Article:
EATALY, BOSTON

The store opened at the end of November, finally, and yesterday was the first time I managed to get in as I was away from Boston until Tuesday night.

If you live in the neighborhoods near the Prudential Center, where EATALY is located, you can walk right in, past the many franchise stores in this shopping mall.  I drove in, found parking one street over, on Newbury, which is encouraging for future visits, as I intend to shop here weekly.  The subway is a block away, too.

EATALY was jammed from the entrance all the way to the back of the store, and its enormity was sufficient for crowds.  As is true in the NYC store, most shoppers were buying prepared foods or sit-down lunches, and I’m happy for them, not knocking it, but I was there to buy food to cook at home.

Good thing that the shoppers were content to have the store cook for them since this meant that there were no lines, none, zero, at the fresh food counters.

The products looked as good and were priced as fairly as what’s in the epic NYC store.

Picked up a terrific rustic walnut bread.  Fresh sea bass and fluke.  Ground veal.  Fresh ricotta.  Cured meat from Batali’s father’s store in Seattle, Washington.  Gorgeous, fresh stuffed pastas, from agnolotti to ravioli.  Trevisano radicchio.  Enough ingredients, no kidding, to cook six dinners for three people, and all for $91.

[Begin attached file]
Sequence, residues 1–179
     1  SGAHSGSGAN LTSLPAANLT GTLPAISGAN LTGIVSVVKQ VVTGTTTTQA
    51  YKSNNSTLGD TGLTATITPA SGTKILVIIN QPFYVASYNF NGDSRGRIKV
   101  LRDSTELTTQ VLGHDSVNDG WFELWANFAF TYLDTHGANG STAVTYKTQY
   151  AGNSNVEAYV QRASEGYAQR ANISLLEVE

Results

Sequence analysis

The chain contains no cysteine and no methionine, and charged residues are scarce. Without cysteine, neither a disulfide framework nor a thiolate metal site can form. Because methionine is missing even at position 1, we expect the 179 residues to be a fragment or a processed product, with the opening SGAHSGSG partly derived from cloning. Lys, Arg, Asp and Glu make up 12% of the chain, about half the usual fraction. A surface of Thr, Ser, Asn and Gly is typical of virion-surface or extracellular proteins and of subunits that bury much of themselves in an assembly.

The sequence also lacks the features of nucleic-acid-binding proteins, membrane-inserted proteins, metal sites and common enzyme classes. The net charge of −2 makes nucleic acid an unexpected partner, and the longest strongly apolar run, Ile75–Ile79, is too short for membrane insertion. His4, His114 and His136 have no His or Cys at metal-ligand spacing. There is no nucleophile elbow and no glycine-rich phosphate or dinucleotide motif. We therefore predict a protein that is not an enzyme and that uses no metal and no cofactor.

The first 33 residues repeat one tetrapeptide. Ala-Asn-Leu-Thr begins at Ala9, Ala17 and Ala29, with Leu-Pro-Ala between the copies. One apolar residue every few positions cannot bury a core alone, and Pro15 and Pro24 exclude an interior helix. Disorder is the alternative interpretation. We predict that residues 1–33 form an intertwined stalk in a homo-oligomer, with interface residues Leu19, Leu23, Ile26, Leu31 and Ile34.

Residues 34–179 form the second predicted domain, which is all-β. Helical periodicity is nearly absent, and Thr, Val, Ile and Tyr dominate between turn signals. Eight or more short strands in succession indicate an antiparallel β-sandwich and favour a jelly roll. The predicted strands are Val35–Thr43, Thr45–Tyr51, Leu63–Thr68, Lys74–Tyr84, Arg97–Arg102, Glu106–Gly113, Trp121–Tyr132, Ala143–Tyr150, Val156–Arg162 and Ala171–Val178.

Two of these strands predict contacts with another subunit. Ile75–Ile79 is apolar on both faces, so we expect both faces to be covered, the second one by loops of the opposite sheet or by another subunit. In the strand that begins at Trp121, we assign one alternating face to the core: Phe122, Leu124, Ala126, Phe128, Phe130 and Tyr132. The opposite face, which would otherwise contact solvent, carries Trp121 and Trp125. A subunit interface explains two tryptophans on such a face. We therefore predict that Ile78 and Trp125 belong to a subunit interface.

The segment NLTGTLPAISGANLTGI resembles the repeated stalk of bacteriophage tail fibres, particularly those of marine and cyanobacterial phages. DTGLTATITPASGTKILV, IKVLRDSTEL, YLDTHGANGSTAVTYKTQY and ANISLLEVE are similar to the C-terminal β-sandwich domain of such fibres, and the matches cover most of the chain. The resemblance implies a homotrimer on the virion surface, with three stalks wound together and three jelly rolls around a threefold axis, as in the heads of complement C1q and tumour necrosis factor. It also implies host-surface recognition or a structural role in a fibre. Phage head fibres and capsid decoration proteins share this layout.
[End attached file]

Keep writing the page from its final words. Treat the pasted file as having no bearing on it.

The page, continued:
Vinny, the guy at the fish counter: “You need anything, call me, ask to speak to Vinny.  Special orders, I’ll take care of you.”

EATALY is truly a first-rate food hall, easily the best food source to open in Boston since I’ve been here.  Thank goodness, it’s no longer necessary to shop at Russo’s, Savenor’s, Formaggio, Boston Public Market, or Whole Foods.  Good riddance.

Combine EATALY with Arax and Tropical Foods for fruits and vegetables, and you’re all set.

EATALY is priced fairly, with great value, and has informed, enthusiastic staff who engage with customers.  Because Batali buys in great volume, he gets the best ingredients and remarkable prices.  He doesn’t gouge.

It’s the old-fashioned, tried and true retail model: Build relationships with your customers so they come back again and again; don’t try to get all their money all at once.  I helped write the Da Silvano Cookbook: Silvano and Mario have both taught me a lot.

It’s an Italian store, through and through, and a pleasure to have it so close by.

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